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[Throughout 2018, we have committed to publishing a selection of poems from each month of Ian Boyden’s manuscript “A Forest of Names.” Over the course of a year, Boyden translated the 5,196 names of schoolchildren crushed in the 2008 Sichuan Earthquake. He then began a collection of poems, each written on the day of each child’s birth. An in-depth discussion of these poems can be read in “Fault Line: An Introduction to A Forest of Names.” —Eds.]
Detail from Ai Weiwei: Fault Line. hand touching the names of the 5,196 school children killed in the 2008 Sichuan earthquake. Photograph by Ian Boyden.
Ancestor of Beauty
This alter within the antlers of a living deer—
lightning cloaked in velvet.
Mountain Stream Ringing Jade
She plucked the strings of cold water,
each green sound calling: now, now, now.
Held Together As Such
The bird’s silk thread binds the sky.
And still the axe,
a question that is also its answer.
He called to the butterflies.
This field, he said, is filled with heroes.
a feather’s crossing over into light.
as much an answer as the eye.
To Become Flight
The sweet light of such becoming—
persimmons litter the ground of a forgotten garden.
A grey-blue bodhisattva
with a thousand wings
each with a thousand feathers,
stands utterly still.
With eyes of a child
it attends to the flowing world.
Scattered spume upon the shore—
the fore-edge of a book
we’ve never learned to read.
And yet, its pages
written with salt, iron, oxygen.
To read this book
is to read blood
from a pumping lung
to its fore-edge
upon the tongue.
Our lineage part ocean,
our language part wave.
Our reading binds
There are no fault lines within water.
Each name a shoreline.
an invitation to read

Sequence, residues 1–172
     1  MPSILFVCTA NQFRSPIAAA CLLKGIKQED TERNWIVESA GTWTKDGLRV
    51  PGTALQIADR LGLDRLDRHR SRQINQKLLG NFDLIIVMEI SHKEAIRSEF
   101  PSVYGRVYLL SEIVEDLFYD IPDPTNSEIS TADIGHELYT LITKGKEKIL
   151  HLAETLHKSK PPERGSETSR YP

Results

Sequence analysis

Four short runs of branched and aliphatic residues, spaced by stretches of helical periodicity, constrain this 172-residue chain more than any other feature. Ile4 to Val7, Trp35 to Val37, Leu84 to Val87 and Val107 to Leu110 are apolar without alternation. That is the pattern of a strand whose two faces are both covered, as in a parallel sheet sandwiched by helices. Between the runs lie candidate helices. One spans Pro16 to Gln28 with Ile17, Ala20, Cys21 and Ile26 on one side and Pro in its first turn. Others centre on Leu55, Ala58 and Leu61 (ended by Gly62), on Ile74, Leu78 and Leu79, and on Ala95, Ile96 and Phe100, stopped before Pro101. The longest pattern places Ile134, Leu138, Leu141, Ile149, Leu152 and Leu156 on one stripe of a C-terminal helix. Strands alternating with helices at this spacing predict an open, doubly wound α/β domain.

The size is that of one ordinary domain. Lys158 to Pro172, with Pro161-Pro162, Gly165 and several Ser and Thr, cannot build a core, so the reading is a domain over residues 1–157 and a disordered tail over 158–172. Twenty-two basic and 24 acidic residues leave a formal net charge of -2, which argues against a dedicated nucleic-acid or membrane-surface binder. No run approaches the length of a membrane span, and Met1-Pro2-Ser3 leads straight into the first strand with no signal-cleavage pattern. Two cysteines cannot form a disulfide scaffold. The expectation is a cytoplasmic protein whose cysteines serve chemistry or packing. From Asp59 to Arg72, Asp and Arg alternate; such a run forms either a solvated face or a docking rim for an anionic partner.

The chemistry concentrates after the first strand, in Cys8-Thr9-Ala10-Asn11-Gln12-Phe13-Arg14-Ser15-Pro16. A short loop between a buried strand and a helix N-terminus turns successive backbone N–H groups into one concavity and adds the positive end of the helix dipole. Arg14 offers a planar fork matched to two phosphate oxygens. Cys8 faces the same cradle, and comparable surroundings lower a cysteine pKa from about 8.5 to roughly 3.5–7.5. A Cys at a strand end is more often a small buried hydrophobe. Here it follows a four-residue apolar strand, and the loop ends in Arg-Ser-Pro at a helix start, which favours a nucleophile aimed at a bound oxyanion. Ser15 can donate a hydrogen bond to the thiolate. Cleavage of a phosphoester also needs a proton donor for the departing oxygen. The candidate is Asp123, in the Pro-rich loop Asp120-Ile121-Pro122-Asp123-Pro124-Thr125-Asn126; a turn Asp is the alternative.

into our own dissolution.
The ancient tree white with dew.
Again, the sun strips
these delicate clothes of mourning.
Poem of Rue
The royal library
filled with clouds of dried rue
Insects must go elsewhere
to read poetry
The simple right of a child
not to fear sovereignty.
Swan & Steel
White feathers scattered in the expanse.
An empty sky hardened by the furnaces.
Each drop a lens
holding a universe of light.
Must we still speak of wet and dry?
The great bird danced on the flowering branches
as if it would never return to taste the fruit.
Read more from Ian Boyden’s “A Forest of Names” in the following links:
“Introduction to ‘A Forest of Names'”
A Forest of Names — January selections
A Forest of Names — February selections
A Forest of Names — March selections
A Forest of Names — April selections
A Forest of Names — May selections
A Forest of Names — June selections
A Forest of Names — July selections
A Forest of Names — August selections
A Forest of Names — September selections
A Forest of Names — October selections
A Forest of Names — December selections
“Fragile as an Urn: An Interview with Ian Boyden”
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